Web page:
my typical "outside kick condenser -- SE x1D (so far). AKG C214 was not bad and sometimes I used a Mojave M201fet but sometimes I think it was not handling the high SPL quite as well.
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Re: bass drum mic - front or back?

Post by A.David.MacKinnon » Sun Jan 03, 2021 7:02 am

If you haven’t explored it you should really try taking the reso head off. If your default is micing inside near the beater then taking the reso head off can really focus the sound and take a lot of the woofyness out of the equation. It also opens up your placement options because you’re not working around the front head.
You’ll still get lots of low end punch. Once you start digging you’d be amazed at how many classic songs were tracked with no front head.

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Re: bass drum mic - front or back?

Post by Studiodawg » Sun Jan 03, 2021 8:07 am

My default is miking outside the beater drum 45 degrees at the beater 4"-8"...second mic is generally inside the reso-skin port aimed just to the right or left of the spot where the beater hits...almost always will have phase inverted when mixed.

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Re: bass drum mic - front or back?

Post by Zacharia Matilda » Sun Jan 03, 2021 12:18 pm

If it couldn’t be both it would have to be the beater side for me. And the drum needs to be as dead as possible. Not resonance. Just need that that attack and “thud”. No “boom”. IMHO
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Re: bass drum mic - front or back?

Post by losthighway » Sun Jan 03, 2021 1:43 pm

I almost always start with a dynamic peeking in to the hole in the reso head. Sometimes the LDC outside. I'm down to try absolutely anything if the drummer involved is searching for something or has an idea. I've done beater side maybe 2 times in my decades. Both were because of a kick with no hole in the front head.

Also as a side note, can everyone who's using the term "woofy" try and define it for me. I used to have a couple regular clients who used the term frequently when critiquing a mix, and I'm not sure I totally know what they mean. Just that we got it to go away.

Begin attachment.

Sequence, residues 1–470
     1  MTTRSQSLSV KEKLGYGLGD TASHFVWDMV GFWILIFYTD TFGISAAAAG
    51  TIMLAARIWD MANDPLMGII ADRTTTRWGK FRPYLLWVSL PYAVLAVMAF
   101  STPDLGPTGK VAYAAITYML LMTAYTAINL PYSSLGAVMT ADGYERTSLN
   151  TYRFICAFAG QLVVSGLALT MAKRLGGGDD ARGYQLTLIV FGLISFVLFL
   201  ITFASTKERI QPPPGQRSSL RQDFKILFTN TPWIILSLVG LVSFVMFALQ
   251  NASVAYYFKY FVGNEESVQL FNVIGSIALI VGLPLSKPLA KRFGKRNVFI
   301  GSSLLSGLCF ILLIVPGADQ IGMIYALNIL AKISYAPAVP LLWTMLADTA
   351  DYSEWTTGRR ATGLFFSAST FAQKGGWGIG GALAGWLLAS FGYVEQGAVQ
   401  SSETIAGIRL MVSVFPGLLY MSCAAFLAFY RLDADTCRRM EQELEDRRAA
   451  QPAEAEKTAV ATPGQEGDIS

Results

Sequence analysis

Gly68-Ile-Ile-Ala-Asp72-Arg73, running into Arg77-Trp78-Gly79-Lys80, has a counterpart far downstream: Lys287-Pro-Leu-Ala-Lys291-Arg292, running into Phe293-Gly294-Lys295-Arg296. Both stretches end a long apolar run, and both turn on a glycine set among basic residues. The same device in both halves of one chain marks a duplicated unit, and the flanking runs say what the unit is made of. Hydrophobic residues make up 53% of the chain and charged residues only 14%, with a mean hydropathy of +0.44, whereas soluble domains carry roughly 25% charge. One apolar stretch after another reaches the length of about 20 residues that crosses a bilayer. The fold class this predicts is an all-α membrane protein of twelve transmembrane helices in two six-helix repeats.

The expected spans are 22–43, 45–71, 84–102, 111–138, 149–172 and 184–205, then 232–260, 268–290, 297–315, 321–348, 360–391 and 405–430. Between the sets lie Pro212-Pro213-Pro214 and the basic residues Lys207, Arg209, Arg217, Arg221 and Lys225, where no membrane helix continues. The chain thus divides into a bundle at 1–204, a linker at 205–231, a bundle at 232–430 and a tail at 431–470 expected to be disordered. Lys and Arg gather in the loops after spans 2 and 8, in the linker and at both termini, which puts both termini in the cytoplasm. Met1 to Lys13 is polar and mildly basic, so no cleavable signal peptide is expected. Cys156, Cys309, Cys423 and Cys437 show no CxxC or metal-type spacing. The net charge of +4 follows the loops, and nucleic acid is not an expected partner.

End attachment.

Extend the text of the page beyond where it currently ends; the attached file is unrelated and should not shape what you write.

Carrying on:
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Re: bass drum mic - front or back?

Post by Nick Sevilla » Sun Jan 03, 2021 4:20 pm

losthighway wrote:
Sun Jan 03, 2021 1:43 pm
Also as a side note, can everyone who's using the term "woofy" try and define it for me. I used to have a couple regular clients who used the term frequently when critiquing a mix, and I'm not sure I totally know what they mean. Just that we got it to go away.
Woofy, to me, and how I've heard it used, is too much mid low end, think 150-360 Hz. It is the "exhale" of the kick drum through the port,and
if you have a mic there, it will pick that up. The larger the kick drum, the lower that frequency is.

Usually, if I have nearly the sound of the kick, I scoop out around that frequency range, listening for when the kick starts getting too thin sounding,
and backing off a bit until there is enough Woof. A clean, variable Q equalizer is best for this. You can easily take out 6-8 dB from there without really making the kick sound shitty.

Now, if you're talking TOMS, well they need some of those, as they are smaller usually than the kick, and need that energy of the Woof to make the drum toms sound big and pumping the mix when they get hit. but not the kick, usually, 99% of music styles require it to be more of a transient time keeper, and not too much sustain and decay afterwards. Unless it is the 808 kick sound, but you would not need a mic for that, wouldya. LOL.

If you do it right, you can hear both a kick AND a tom being played at the same time. They should not overlap much.
Howling at the neighbors. Hoping they have more mic cables.